Pakanohida Junior Member

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    https://www.kiddofspeed.com/

    Follow the link and look for yourself, I think you might be a little happy because nature found a way to keep going.
     
  13. Ojo

    Ojo Junior Member

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    I've been looking for the infrared images from the 'globalhawk' fly-over. They must be corporate property.

    ____________________________________________


    Scientists studying the seeds harvested from soybean and flax plants grown inside (five kilometers from the power plant) the exclusion zone found them to be relatively unaffected by radiation. Martin Hajduch from the Institute of Plant Genetics and Biotechnology at the Slovak Academy of Sciences said: "We detected very low radioactivity in the seeds. In the stem or leaves there is radioactivity, but it is somehow blocked and doesn't come to the seeds."

    Hajduch and his colleagues in Ukraine conducted a proteomics study of the plants and found that the seeds harvested inside the exclusion zone compared favorably with ones grown in non-contaminated soil outside.[4]

    Several research groups have suggested that plants in the area have adapted to cope with the high radiation levels, for example by increasing the activity of DNA cellular repair machinery and by hypermethylation.[13][14][14][15] (see Radiation Hormesis). Given the uncertainties, further research is needed to assess the long-term health effects of elevated ionizing radiation from Chernobyl on flora and fauna.[5]
    excerpts
    https://en.wikipedia.org/wiki/Chernobyl_after_the_disaster

    Alot would depend on distance and position. Don't know how accurate this site might be.
    https://www.davistownmuseum.org/cbm/Rad7b2.html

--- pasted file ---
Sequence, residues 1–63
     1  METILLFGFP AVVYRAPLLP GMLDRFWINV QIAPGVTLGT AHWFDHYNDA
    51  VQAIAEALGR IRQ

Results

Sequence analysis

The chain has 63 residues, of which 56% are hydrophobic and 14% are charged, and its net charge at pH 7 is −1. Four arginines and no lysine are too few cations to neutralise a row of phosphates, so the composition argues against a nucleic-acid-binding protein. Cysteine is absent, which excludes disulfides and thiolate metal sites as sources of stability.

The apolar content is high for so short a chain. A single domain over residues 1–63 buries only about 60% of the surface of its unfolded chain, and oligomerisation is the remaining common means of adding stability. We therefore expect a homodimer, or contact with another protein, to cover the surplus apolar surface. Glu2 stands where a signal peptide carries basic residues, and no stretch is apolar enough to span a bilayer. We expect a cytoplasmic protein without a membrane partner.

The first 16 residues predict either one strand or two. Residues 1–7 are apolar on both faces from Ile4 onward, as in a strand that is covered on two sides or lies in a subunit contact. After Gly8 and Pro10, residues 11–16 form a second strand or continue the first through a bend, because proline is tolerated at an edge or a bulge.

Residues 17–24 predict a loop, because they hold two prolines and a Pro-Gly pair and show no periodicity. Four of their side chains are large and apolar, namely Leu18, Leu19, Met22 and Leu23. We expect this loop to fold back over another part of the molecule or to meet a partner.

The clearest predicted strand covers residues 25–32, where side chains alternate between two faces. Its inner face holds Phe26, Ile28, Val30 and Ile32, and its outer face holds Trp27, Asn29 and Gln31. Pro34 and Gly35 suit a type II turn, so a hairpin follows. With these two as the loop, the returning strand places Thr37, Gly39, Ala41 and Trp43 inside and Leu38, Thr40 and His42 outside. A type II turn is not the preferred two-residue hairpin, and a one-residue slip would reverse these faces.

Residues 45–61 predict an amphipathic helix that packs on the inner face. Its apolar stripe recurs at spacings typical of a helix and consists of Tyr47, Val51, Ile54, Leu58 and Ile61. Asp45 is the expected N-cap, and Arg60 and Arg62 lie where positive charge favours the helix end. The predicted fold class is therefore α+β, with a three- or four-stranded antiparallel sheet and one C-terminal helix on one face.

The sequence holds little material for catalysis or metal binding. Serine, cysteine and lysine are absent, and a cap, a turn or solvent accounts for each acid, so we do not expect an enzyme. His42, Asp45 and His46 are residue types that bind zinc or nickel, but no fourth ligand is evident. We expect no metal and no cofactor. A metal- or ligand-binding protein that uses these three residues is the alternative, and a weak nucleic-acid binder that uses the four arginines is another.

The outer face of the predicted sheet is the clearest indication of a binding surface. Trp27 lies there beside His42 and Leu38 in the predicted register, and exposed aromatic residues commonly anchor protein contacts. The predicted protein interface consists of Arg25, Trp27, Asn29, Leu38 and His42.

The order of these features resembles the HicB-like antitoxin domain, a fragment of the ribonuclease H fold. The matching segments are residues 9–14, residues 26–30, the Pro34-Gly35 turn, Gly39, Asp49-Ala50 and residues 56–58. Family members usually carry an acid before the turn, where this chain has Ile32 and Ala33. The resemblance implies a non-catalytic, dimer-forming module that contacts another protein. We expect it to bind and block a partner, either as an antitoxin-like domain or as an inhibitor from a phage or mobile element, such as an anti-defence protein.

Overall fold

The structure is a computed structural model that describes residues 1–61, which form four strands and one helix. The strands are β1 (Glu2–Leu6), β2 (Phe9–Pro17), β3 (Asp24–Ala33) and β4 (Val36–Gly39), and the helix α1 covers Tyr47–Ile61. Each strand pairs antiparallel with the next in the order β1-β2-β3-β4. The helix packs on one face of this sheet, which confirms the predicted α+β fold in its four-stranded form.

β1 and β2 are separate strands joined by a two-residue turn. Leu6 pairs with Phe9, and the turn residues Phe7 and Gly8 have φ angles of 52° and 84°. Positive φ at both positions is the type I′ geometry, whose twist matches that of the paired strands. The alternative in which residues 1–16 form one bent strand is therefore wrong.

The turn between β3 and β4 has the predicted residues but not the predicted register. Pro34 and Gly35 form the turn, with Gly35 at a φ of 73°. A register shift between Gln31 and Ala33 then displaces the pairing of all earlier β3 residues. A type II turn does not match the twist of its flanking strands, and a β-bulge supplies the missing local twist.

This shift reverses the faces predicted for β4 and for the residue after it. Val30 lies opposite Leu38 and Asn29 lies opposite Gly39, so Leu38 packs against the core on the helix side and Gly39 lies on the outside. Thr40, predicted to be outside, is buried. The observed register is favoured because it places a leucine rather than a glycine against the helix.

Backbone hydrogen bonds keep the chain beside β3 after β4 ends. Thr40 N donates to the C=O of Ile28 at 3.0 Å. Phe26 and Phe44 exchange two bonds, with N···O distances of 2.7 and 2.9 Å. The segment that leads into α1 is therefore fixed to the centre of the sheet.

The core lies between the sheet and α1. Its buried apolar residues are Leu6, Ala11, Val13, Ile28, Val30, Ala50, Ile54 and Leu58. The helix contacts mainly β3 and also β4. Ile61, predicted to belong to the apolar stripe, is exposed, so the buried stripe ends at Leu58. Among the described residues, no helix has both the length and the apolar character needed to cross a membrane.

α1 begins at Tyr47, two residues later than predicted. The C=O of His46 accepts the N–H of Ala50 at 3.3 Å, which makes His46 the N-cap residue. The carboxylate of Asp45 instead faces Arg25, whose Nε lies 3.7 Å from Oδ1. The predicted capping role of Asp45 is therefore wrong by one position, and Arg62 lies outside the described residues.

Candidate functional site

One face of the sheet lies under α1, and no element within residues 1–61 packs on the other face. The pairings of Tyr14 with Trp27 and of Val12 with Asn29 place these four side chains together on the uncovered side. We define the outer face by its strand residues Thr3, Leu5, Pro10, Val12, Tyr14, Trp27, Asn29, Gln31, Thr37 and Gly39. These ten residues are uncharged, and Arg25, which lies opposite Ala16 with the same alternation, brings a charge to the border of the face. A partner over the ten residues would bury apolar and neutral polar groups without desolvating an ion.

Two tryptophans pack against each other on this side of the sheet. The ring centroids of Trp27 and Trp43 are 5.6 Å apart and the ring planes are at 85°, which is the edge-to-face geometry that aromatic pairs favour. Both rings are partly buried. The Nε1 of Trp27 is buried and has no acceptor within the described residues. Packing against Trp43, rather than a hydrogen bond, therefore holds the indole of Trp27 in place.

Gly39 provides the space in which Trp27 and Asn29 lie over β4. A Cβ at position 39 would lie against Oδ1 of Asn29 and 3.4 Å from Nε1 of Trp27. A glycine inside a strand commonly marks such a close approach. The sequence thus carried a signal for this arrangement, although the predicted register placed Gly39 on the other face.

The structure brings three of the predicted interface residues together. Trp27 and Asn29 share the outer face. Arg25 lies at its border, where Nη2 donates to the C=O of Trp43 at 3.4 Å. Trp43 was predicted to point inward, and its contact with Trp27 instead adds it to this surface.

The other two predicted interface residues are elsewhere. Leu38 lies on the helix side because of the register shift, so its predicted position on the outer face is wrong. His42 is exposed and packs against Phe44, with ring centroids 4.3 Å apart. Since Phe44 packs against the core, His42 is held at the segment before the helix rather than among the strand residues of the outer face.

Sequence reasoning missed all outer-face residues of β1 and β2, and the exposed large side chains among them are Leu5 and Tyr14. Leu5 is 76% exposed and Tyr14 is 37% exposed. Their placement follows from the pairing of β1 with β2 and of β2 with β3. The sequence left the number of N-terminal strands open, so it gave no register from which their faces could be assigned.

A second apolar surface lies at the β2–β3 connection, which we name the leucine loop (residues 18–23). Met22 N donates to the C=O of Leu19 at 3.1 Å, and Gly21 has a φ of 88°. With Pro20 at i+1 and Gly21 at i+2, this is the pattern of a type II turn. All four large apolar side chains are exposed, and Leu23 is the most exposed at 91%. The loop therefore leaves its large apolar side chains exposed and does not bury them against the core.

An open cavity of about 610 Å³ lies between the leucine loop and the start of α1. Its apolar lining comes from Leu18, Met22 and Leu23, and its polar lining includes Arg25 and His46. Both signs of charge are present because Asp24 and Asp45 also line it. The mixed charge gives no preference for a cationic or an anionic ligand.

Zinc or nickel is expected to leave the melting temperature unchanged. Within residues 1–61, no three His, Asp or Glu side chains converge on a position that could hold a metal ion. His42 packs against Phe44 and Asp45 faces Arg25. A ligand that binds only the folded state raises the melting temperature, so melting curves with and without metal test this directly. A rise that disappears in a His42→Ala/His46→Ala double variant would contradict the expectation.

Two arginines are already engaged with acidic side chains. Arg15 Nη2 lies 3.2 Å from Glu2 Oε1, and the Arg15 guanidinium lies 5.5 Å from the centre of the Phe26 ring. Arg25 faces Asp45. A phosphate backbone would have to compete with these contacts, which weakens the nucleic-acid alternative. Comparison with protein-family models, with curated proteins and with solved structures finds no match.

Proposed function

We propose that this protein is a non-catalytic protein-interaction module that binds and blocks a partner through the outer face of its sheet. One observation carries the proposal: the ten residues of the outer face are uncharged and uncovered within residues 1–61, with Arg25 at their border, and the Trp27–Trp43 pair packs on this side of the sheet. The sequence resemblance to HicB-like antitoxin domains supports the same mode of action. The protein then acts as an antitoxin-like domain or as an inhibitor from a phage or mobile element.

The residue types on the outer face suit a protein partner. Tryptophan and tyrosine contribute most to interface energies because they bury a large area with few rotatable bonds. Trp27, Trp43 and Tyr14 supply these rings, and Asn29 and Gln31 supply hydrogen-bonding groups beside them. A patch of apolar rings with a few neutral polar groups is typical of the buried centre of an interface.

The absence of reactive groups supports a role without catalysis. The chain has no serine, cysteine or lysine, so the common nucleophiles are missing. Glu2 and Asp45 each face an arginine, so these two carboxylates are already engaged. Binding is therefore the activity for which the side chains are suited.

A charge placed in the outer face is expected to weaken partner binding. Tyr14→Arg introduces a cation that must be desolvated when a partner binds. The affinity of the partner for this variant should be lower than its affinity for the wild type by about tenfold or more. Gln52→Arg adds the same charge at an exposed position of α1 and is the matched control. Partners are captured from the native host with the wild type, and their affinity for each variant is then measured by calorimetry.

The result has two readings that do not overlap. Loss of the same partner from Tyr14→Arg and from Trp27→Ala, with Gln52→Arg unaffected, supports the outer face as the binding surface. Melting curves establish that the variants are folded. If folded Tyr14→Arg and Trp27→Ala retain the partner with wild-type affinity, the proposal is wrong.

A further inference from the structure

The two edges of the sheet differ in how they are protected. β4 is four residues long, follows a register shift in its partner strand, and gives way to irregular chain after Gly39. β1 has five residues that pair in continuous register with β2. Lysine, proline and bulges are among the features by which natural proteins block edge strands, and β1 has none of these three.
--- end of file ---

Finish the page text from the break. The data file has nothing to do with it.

14. pebble

    pebble Junior Member

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    Not raiding your emergency kit already PP?!?
     
  15. purecajn

    purecajn Junior Member

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    Wow, great info finds. thanks----------------------------------
     
  16. Ojo

    Ojo Junior Member

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    They've already benn flooding #3 with seawater from helicopters, that water is probably contaminated also AND runoff going back into the sea. Make sure the kit contains a geiger counter for the fish and such.

    https://www.ratical.org/radiation/KillingOurOwn/KOO8.html
    Plutonium metal is extremely combustible -- and is subject to spontaneous combustion. The most expensive fire in US history was a plutonium fire that spontaneously broke out in 1958 at Rocky Flats, where plutonium triggers for nuclear weapons are made. Over 90 per cent of the tiny aerosol particles of plutonium produced by such fires are of respirable size -- ideal for entering the lungs and lodging there.
    excerpt
    https://www.ccnr.org/Plute_Anyone.html
     
  17. Ojo

    Ojo Junior Member